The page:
How to Get Thee on TV

Several years ago I read an article in Art Calendar about an artist who produced her own television series featuring local artists. I thought the idea was wonderful! I am, after all, a visual artist. And of course I wanted to be on television with my artwork.

So I e-mailed her a few questions and she gave me lots of pointers on how to get started on a show of my own. And that’s just where I stopped! It seemed like so much work. It was so scary. At that point, I had just quit my day job to do my art full time, and I was not willing to add anything else to my plate.

Like some of my paintings, I let the idea gestate for years. One day I was at a Chamber of Commerce luncheon. The guest speaker was Suzanne St. John, the executive director of our local public access station. Her presentation was compelling and inspiring. She motivated me to take the next orientation class at the station.

At the orientation, instructor Kelly Abbott was also enthusiastic about creating shows and she inspired me to get going on a show of my own right away. She explained you could do pretty much any type of show as long it was non-commercial. For example, I could not have a call to action. Examples of calls to action are: «Pick up the phone and order a painting.» or «Come on down to the studio/website and buy my wonderful paintings!» However, I am allowed to direct them to my site/contact information to get further information on the show.


It’s not hard to create a show. It simply requires a lot of planning, flexibility and a huge dose of gumption. Here’s how I got started:

First, I enrolled in every seminar the station offered. Why do you need to take seminars? First, it helps to know at least the basic aspects of a production in order to plan the logistics of the show. Second, volunteers staff your production. You don’t pay your crew in money. (However I should mention that I do supply dinner for the crew each time I shoot an episode.) You also give back by working on other people’s shows. Initially, when I worried about the time it might take to volunteer for shoots, I realized I could either be watching the television or making it! So I quit worrying and simply showed up!

Producer’s Seminar

This seminar was all about planning and managing the logistics of the production. The questions you need to ask yourself when developing your show are:

1) What do you want to accomplish? That was easy. I wanted to inspire people to create, get my work before a larger audience, and make a ton of money!

2) What genre are you going to utilize? I decided to create a «How To» painting show as I was comfortable doing demos and I wanted to show what really happens during a painting session. My show is filmed live-to-tape with no editing.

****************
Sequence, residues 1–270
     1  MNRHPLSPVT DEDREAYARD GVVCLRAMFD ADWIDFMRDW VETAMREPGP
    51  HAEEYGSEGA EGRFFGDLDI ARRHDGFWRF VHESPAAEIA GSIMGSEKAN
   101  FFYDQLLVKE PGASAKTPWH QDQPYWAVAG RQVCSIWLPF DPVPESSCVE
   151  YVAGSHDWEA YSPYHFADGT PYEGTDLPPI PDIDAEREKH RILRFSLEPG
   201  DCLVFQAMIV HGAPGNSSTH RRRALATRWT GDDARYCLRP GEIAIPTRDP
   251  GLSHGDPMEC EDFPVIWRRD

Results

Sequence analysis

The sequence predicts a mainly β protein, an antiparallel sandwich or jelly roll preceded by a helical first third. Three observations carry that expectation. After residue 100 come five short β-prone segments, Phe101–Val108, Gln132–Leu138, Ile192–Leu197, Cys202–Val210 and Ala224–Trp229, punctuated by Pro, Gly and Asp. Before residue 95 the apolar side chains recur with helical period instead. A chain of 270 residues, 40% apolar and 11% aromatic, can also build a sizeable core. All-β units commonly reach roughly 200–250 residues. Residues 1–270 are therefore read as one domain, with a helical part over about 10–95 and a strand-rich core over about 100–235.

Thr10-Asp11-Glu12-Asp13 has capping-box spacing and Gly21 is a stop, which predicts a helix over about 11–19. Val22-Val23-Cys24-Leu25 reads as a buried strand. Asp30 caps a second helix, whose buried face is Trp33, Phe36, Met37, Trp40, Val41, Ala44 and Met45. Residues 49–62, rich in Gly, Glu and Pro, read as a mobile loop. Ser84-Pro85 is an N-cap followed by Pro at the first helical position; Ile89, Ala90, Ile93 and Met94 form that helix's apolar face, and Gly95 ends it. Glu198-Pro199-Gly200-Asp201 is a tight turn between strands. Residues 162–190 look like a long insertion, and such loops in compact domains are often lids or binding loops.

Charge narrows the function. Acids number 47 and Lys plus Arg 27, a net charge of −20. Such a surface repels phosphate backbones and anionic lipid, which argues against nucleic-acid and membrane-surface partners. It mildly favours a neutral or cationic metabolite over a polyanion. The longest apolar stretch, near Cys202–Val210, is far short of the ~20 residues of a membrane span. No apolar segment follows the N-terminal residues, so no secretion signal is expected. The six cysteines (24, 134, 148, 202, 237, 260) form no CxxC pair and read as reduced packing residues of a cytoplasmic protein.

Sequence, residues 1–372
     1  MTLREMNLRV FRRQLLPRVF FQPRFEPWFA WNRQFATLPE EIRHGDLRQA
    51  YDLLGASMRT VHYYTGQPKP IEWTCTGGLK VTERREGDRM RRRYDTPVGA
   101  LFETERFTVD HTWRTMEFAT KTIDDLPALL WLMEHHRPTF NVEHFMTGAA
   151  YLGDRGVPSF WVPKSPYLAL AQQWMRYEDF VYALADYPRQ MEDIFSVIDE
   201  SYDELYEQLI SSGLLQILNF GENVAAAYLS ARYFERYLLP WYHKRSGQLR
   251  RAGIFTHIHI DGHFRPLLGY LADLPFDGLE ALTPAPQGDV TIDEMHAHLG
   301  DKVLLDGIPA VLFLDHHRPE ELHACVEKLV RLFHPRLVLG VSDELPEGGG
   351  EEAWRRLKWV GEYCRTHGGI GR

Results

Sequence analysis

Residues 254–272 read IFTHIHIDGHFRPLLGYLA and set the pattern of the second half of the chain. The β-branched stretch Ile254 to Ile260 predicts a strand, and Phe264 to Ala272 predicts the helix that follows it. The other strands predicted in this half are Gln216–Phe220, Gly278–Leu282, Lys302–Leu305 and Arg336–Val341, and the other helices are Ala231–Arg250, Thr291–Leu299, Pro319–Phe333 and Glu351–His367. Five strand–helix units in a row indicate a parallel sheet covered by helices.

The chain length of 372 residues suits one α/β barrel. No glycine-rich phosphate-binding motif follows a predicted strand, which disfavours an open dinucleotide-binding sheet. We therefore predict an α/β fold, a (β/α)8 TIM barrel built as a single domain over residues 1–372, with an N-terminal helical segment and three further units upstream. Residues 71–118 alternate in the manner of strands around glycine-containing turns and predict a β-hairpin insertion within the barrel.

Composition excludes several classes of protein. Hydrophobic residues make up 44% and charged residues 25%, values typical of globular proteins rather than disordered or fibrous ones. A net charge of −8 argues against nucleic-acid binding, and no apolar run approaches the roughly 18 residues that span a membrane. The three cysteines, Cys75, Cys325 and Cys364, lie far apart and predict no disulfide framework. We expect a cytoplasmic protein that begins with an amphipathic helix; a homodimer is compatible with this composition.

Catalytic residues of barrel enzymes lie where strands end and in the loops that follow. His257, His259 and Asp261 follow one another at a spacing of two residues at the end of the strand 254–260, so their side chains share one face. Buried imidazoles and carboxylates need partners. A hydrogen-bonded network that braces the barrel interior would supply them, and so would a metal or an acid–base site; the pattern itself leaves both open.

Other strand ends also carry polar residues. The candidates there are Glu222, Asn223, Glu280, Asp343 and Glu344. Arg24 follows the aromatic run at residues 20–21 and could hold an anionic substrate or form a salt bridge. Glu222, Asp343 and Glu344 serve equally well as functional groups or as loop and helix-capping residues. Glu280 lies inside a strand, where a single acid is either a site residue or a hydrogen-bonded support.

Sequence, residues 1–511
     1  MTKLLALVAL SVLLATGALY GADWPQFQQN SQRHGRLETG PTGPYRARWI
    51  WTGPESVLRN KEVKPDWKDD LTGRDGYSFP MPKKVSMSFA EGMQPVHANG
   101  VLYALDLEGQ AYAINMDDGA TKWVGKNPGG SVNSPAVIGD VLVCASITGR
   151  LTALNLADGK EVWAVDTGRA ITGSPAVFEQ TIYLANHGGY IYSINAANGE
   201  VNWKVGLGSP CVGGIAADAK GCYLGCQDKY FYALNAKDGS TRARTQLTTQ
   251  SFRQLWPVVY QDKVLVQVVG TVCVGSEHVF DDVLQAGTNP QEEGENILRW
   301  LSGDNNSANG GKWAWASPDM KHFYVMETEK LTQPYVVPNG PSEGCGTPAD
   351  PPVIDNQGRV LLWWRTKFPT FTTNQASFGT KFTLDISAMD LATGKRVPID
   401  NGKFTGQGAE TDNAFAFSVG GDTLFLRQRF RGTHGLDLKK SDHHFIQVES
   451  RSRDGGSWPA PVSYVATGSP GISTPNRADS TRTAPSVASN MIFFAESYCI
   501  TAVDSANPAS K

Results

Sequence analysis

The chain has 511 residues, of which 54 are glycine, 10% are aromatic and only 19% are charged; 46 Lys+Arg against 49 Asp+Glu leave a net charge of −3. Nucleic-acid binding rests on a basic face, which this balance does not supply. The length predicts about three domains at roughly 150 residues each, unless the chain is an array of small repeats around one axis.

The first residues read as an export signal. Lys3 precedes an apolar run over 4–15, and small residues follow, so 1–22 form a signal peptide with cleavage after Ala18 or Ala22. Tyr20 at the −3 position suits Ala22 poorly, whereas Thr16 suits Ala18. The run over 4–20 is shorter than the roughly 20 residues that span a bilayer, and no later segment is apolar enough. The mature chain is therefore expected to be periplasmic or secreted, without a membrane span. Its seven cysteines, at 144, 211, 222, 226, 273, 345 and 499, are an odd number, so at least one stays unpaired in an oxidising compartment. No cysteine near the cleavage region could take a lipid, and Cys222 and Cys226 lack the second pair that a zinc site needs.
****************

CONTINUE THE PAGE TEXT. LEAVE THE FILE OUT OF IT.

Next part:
3) Who is your target audience? People who liked to watch painting shows? I wasn’t sure. I never did get this one totally figured out but I didn’t let it stop me from doing the show.

4) How long do you want your show to be? Public access television allows you to choose any length of time you wish. I chose an hour as I thought I could best accomplish my goals during that time frame.

5) What format are you shooting it in? I chose to shoot to SVHS tape and get also dubs in DVD. However, I am going to switch soon to Mini DV format, as the quality is better. I’ll still get dubs in DVD.

6) How many people do you need for your Crew? I need a minimum of 6 people each time I shoot but I prefer 8. (Director, Technical Director, Audio, Character Generator, Roll in Tape Operator, Lighting, 3 Camera People, Floor Director.) Some crew people can perform dual duties. The Director can also handle the Technical Director position. The Character Generator can also double as a Roll in Tape Operator. One of the Camera persons could also double as a Floor Director. And worst case, you could only have two camera people and have one camera «locked down» on the palette. I usually have my audio person also handle the lighting as these duties are performed at separate times.

7) What are your cast considerations? For the first two episodes, I had a cast. The cast consisted of an emcee, a live musician and me. By the third episode I pared it down to just me. The emcee retired after two shows and I decided to write my own music so I no longer needed the live musician. Keeping it simple is important. This cast reduction made my coordination a lot easier. Now all I had to worry about was the crew (If you do use cast members, please make sure you get them to sign talent release forms before they appear on your show.)